Frequent or painful urination occurs when a person urinates more often than is normal for him or her and when urinating causes pain, burning or stinging. Painful or frequent urination is most often a symptom of another condition. Most treatments for these conditions treat the underlying condition or include behavioral changes a person can make to feel better. What is frequent or painful urination? Urination is the process of passing liquid waste from the body in the form of urine. For most people, the bladder holds urine until it is convenient for them to use the toilet. Urination is normally painless. Most people urinate four to eight times a day depending on fluid intake. Frequent urination is when a person needs to urinate much more often, experiences an urgent need to urinate or when a person urinates more frequently than is normal for him or her. Painful urination (also called dysuria) is more common in women than in men. In both men and women it results in pain, discomfort, burning or stinging. Pain may be felt at the spot where urine leaves the body (urethra) or inside the body at the prostate (in men), bladder or behind the pubic bone at the lower part of the pelvis. Frequent urination or painful urination can indicate another physical problem and should be evaluated by a physician. Causes of frequent urination Sometimes frequent urination and painful urination go together. In women, painful urination is most often a symptom of a urinary tract infection (UTI). UTIs often include an urgent need to urinate, uncomfortable, painful or burning sense when urinating, fever, and a painful or uncomfortable abdomen. A variety of other problems can cause frequent urination, including: Diabetes. People who notice that they are urinating frequently, or an unusually large amo Continue reading >>

Diabetes & Sexual & Urologic Problems

Diabetes & Sexual & Urologic Problems

Troublesome bladder symptoms and changes in sexual function are common health problems as people age. Having diabetes can mean early onset and increased severity of these problems. Sexual and urologic complications of diabetes occur because of the damage diabetes can cause to blood vessels and nerves. Men may have difficulty with erections or ejaculation. Women may have problems with sexual response and vaginal lubrication. Urinary tract infections and bladder problems occur more often in people with diabetes. People who keep their diabetes under control can lower their risk of the early onset of these sexual and urologic problems. Diabetes and Sexual Problems Both men and women with diabetes can develop sexual problems because of damage to nerves and small blood vessels. When a person wants to lift an arm or take a step, the brain sends nerve signals to the appropriate muscles. Nerve signals also control internal organs like the heart and bladder, but people do not have the same kind of conscious control over them as they do over their arms and legs. The nerves that control internal organs are called autonomic nerves, which signal the body to digest food and circulate blood without a person having to think about it. The body's response to sexual stimuli is also involuntary, governed by autonomic nerve signals that increase blood flow to the genitals and cause smooth muscle tissue to relax. Damage to these autonomic nerves can hinder normal function. Reduced blood flow resulting from damage to blood vessels can also contribute to sexual dysfunction. What sexual problems can occur in men with diabetes? Erectile Dysfunction Erectile dysfunction is a consistent inability to have an erection firm enough for sexual intercourse. The condition includes the total inability to h Continue reading >>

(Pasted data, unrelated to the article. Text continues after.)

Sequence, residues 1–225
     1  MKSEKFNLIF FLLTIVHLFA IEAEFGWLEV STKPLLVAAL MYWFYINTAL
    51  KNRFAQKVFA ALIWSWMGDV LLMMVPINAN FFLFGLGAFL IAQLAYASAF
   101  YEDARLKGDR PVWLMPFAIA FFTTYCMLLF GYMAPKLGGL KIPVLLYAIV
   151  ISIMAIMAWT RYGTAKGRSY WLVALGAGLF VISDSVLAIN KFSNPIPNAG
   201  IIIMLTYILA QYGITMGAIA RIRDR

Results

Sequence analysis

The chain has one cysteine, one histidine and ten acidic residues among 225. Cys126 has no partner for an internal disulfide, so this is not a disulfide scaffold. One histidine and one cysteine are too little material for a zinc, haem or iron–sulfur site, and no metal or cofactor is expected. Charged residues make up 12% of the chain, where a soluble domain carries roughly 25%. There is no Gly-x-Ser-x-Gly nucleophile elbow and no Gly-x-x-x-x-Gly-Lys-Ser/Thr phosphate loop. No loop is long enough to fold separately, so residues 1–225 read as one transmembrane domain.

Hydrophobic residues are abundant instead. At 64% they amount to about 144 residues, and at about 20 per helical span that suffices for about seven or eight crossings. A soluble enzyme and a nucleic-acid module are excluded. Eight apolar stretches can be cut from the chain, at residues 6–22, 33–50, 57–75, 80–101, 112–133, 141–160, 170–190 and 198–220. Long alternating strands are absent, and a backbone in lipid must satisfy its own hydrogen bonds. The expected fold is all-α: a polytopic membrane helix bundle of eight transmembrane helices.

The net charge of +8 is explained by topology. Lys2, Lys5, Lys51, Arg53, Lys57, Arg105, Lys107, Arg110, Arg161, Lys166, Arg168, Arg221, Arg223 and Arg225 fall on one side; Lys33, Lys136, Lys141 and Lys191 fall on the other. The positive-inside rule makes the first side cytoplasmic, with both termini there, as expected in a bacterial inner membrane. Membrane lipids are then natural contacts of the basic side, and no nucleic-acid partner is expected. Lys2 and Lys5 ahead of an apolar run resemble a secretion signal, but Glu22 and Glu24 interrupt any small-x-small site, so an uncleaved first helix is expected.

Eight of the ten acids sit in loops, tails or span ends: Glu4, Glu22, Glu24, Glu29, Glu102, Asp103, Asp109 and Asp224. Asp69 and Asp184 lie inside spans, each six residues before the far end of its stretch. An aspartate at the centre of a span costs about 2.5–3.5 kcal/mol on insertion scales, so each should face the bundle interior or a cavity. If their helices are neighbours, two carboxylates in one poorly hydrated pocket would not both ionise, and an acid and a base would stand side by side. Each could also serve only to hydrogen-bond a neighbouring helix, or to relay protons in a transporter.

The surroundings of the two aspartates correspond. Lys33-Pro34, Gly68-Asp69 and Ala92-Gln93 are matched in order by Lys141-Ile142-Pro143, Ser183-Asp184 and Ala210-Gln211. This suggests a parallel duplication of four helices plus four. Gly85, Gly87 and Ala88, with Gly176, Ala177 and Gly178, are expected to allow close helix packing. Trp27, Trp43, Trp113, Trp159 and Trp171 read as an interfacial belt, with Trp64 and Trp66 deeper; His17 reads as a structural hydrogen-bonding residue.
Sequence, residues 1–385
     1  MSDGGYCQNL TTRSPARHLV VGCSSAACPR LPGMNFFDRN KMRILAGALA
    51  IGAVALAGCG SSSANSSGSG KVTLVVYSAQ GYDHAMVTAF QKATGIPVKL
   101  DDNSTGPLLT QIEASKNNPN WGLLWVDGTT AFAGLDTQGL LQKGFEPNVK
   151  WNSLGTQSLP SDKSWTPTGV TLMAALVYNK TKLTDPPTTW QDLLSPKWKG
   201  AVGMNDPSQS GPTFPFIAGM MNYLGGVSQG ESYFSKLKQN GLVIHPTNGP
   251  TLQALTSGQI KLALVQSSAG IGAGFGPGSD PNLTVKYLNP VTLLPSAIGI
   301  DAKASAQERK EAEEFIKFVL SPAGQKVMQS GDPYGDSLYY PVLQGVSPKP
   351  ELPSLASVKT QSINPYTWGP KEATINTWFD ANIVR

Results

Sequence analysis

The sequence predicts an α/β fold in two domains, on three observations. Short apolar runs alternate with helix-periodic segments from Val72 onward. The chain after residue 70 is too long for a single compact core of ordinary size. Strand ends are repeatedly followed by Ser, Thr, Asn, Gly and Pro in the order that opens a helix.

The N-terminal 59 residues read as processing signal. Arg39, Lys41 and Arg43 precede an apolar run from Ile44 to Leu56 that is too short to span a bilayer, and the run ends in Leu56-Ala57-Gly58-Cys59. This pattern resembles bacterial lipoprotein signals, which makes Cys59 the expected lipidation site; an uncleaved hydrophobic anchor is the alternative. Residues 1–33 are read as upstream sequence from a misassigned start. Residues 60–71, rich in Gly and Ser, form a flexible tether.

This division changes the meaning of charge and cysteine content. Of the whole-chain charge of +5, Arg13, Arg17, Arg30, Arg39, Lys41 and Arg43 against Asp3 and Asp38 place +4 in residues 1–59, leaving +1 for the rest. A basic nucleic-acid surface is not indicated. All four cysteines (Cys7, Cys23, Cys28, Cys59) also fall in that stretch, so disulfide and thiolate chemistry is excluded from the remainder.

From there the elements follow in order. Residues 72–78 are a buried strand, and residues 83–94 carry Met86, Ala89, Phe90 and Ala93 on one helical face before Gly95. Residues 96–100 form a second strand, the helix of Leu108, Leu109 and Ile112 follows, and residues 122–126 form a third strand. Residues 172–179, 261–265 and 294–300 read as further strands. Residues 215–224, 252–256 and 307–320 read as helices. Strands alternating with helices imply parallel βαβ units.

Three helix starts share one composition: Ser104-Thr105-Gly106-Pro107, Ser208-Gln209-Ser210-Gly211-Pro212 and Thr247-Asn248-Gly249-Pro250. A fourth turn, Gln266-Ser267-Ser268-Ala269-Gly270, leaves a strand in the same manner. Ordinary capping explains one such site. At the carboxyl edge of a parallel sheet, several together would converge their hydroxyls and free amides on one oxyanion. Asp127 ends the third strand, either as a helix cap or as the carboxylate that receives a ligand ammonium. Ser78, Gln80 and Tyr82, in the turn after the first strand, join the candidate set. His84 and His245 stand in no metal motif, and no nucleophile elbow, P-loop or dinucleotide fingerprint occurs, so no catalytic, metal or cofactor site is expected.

When You Have Diabetes And Urinary Problems

When You Have Diabetes And Urinary Problems

When You Have Diabetes and Urinary Problems By Elizabeth Woolley | Reviewed by Richard N. Fogoros, MD Diabetes and urination problems often go hand in hand which can be stressful. Dealing with these issues can affect your daily living and quality of life. According to the National Institutes of Health, more than half of people with diabetes have bladder dysfunction. Difficulties with urination can happen as you get older, but when you have diabetes, bladder problems, and urinary tract infections can start earlier in life and occur more often. This is because diabetes can cause damage to the nerves that are responsible for urinary system health and function. In general, women are more likely to experience leakage or urinary incontinence than men because of different anatomical structures and bodily changes from pregnancy and delivery. Men may experience dribbling, weak stream, intermittent flow and urethral obstruction. Bladder problems can be caused by diabetes nerve damage, nerve damage from other causes, injuries, infections and other diseases. High blood sugar levels can cause frequent urination. The risk is increased with poor diabetes management, high cholesterol, high blood pressure, excess weight, advanced age, smoking and a sedentary lifestyle. Insulin use increases the risk for urinary incontinence. Overactive bladder : Bladder spasms or contractions cause an urgent strong need to urinate more than eight times a day or more than two times at night. Urine leakage or urinary incontinence can be a problem. Treatment options for overactive bladder include medication, bladder training methods such as timed voiding, electrical stimulation, Kegel exercises and surgery. Poor sphincter muscle control: The sphincter muscles are internal muscles that control the opening Continue reading >>